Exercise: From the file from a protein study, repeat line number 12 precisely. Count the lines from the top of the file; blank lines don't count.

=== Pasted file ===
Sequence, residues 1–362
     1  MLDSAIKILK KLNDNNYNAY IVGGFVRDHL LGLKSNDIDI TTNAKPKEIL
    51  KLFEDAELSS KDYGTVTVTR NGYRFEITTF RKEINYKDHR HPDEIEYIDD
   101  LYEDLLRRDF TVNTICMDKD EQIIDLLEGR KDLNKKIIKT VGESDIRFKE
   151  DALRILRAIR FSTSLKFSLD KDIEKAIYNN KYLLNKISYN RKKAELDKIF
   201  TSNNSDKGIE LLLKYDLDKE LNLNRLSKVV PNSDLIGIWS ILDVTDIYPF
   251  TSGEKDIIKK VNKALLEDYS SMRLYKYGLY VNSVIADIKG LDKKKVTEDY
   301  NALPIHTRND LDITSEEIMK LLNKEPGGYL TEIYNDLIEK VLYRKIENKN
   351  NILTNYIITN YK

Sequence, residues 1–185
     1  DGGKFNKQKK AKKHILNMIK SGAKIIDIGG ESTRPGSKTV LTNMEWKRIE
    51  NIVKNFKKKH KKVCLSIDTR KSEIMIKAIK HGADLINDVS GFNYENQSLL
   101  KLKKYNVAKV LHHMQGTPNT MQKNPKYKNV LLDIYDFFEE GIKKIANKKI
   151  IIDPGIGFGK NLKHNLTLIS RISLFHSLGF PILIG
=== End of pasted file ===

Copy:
    51  NIVKNFKKKH KKVCLSIDTR KSEIMIKAIK HGADLINDVS GFNYENQSLL